Through a system of constant controls: “The situation in Italy is unsustainable”
The reform that UEFA wanted to secure European football from an economic and financial point of view officially started on July 1. The scheme of rules stricter than in the past will be progressive and the first real checks on the health of clubs will take place from the 2023/24 season, to reach the goals set by UEFA in 2025/26. Of this, but above all the effects that the plan will have in Italy and the critical situation for our football, we spoke yesterday at a meeting at Coverciano between clubs, UEFA – present with Director of Financial Sustainability and Research Andrea Traverso – and FIGC with President Gabriele Gravina.
The reform consists of two regulations, one for licenses to play in the European Cups and another in which new rules are established for continuous monitoring, with particular attention to solvency (with quarterly checks and reduced tolerance for defaulters), stability and cost control, one of the plan’s most interesting innovations . In fact, the introduction of the so-called extended salary cap sets a percentage of salary expenses, transfers and agent commissions in relation to the club’s income. As we said, the cap will gradually drop: 90% in the 2023/24 season (with the first control of this new era set in December 2023), 80% in the 2024/25 one and 70% in 2025/26. Speaking of controls, another important element is the penalty system for clubs that are not in a good position. This is also progressive: it starts with financial penalties with a fine measured for overrun which rises with each non-compliant check (already set in a pre-determined grid). To prevent wealthier clubs from opting to pay the ‘punishment’ by continuing to disrespect the rules, UEFA then decided that in the event of major setbacks or abuses, sporting sanctions, from player transfer restrictions or in List A, should be added. Even exclusion from competitions (but only in extreme cases).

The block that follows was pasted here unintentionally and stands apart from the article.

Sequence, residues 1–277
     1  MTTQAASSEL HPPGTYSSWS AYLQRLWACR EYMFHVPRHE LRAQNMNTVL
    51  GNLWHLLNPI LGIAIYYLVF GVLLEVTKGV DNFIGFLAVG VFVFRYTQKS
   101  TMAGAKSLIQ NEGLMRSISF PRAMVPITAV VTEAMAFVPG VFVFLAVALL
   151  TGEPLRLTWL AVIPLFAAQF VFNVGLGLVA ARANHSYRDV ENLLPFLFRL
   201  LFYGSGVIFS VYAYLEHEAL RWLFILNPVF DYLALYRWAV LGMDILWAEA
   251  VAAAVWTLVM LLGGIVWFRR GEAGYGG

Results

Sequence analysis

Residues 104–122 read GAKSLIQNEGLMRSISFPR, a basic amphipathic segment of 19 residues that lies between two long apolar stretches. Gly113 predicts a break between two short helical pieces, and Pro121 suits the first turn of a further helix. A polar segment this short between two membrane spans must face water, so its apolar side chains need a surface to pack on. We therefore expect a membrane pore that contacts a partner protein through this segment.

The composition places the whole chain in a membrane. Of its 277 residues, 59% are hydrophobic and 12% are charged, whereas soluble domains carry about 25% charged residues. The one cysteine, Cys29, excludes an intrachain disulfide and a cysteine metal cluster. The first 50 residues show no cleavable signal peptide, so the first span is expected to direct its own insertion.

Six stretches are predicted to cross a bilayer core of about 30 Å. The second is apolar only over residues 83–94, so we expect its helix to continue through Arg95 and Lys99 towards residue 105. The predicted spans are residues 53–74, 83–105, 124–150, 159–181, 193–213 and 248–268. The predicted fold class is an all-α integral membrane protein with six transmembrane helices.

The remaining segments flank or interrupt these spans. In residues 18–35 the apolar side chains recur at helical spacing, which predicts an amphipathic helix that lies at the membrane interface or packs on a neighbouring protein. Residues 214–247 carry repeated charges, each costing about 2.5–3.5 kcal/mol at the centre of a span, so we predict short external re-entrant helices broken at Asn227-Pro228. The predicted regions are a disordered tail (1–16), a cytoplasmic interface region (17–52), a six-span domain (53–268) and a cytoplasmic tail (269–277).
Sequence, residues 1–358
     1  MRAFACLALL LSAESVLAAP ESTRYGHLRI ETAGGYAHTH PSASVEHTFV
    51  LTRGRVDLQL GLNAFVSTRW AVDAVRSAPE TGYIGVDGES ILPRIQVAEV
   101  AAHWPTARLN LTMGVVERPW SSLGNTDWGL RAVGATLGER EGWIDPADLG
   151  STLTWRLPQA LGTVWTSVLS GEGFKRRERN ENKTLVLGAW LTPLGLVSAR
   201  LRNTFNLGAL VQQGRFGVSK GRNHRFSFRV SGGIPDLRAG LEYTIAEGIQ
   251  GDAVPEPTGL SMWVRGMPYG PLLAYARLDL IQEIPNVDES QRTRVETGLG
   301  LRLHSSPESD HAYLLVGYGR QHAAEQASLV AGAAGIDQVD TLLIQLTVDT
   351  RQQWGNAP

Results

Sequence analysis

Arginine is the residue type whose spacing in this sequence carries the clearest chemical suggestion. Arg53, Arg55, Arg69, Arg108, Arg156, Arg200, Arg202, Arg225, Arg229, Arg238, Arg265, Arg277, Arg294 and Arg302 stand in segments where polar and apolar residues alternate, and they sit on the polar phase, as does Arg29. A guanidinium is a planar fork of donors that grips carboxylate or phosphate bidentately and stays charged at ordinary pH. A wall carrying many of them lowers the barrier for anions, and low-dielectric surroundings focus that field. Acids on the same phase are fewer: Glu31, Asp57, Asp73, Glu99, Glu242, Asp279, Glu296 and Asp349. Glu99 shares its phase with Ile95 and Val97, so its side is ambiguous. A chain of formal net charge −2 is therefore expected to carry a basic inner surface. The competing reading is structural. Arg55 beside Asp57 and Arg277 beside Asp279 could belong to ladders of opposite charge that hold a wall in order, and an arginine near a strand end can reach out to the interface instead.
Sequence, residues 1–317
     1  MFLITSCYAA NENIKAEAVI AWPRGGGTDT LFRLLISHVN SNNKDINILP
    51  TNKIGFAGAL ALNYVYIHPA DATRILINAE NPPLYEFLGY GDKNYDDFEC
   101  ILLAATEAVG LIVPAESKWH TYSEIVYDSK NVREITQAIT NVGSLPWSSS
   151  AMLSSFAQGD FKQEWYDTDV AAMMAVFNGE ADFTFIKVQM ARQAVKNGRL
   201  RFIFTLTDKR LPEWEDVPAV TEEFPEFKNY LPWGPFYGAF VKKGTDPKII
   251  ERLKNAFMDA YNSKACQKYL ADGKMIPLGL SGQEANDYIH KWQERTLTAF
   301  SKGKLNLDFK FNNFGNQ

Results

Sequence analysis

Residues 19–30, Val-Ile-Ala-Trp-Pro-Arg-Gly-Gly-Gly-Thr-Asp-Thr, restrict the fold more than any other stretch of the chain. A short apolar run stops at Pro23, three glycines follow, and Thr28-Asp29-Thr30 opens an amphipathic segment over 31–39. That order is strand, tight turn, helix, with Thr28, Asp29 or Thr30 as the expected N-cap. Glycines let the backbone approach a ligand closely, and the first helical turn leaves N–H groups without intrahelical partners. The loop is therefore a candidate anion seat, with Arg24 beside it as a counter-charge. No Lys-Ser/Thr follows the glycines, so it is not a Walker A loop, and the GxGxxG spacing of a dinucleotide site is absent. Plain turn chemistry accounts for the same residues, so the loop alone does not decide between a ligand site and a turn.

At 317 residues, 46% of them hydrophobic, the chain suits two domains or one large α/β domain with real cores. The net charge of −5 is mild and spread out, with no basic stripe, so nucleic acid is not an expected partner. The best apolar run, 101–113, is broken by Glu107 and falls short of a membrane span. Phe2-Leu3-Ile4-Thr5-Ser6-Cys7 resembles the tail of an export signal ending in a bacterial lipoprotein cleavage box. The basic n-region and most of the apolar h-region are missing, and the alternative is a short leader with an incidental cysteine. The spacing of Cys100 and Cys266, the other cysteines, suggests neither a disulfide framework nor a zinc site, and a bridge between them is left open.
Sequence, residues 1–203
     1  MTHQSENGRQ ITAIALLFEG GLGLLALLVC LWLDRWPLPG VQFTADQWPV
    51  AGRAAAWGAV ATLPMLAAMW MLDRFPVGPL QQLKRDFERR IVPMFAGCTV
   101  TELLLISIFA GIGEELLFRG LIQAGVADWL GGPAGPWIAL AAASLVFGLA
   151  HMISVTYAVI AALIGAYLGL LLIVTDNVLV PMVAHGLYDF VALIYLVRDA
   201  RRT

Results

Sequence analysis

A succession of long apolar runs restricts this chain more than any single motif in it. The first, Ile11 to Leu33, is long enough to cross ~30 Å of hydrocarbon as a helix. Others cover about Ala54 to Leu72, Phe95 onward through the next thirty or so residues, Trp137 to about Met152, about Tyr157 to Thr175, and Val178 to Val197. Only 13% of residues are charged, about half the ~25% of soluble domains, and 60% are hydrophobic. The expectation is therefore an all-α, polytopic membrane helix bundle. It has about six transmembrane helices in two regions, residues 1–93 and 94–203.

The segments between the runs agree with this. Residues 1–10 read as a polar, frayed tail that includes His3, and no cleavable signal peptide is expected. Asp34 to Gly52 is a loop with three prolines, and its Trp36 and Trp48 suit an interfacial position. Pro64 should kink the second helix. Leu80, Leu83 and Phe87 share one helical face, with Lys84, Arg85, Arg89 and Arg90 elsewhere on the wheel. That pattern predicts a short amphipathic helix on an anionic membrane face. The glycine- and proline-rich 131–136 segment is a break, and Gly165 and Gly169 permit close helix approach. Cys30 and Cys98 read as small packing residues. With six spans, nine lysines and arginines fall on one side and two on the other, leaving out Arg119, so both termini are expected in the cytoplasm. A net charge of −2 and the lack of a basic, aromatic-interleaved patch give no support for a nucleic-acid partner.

Italy in crisis
At Coverciano Traverso I drew the companies’ attention to the seriousness of the Italian situation compared to the major European leagues: our role is last in relation to revenue streams (in England they are almost three times higher), but among the first expenses related to purchases and salaries from players. “An unsustainable gap – he says – requires an important reform to be implemented as quickly as possible. This reform gives more weight to the companies’ balance sheets, and recapitalization will be necessary.” The 1 billion 3 billion recapitalizations implemented in Italy in the entire 2020/21 season have already been put to use, and now that post-pandemic revenues are struggling again, the problems are back in force.
FIGC . moves
Moreover, sustainability and stability are also at the core of the reform that Gravina has been doing for some time now. At the Federal Council on July 28, the president will present a three-year plan with stricter rules than those of UEFA that will also include those for registration in tournaments with the restrictions discussed on the liquidity index. “UEFA reform represents a historic turning point for European football – Gravina comments -, a contribution, hopefully decisive, to halting the dangerous trend towards misalignment of club accounts. FIGC is very clear about the importance of the moment and for that reason, and on the same basis that it was approved In Europe, we are preparing a three-year program aimed at more effective management: we urgently need a change in management from all professional clubs.”
July 6 – 08:34
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